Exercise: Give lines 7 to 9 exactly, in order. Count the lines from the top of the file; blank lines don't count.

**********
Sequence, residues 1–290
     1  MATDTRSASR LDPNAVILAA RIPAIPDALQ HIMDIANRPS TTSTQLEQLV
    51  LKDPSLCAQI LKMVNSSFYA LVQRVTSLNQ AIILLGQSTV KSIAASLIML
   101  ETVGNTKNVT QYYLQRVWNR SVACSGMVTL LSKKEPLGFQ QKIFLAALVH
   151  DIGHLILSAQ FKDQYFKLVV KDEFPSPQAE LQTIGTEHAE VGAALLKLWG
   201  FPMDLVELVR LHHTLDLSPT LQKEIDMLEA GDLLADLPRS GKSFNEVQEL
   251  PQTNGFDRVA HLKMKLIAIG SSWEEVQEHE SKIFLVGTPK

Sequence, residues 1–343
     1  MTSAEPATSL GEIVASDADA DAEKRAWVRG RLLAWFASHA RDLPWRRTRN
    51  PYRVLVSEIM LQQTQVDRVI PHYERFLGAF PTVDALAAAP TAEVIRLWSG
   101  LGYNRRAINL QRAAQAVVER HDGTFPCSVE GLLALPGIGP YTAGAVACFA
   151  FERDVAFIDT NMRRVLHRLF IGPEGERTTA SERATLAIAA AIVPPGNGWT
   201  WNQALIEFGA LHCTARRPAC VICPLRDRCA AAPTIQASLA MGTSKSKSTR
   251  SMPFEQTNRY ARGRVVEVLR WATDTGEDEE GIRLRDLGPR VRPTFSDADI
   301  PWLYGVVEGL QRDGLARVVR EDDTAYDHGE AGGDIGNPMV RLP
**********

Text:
   251  PQTNGFDRVA HLKMKLIAIG SSWEEVQEHE SKIFLVGTPK

Sequence, residues 1–343
     1  MTSAEPATSL GEIVASDADA DAEKRAWVRG RLLAWFASHA RDLPWRRTRN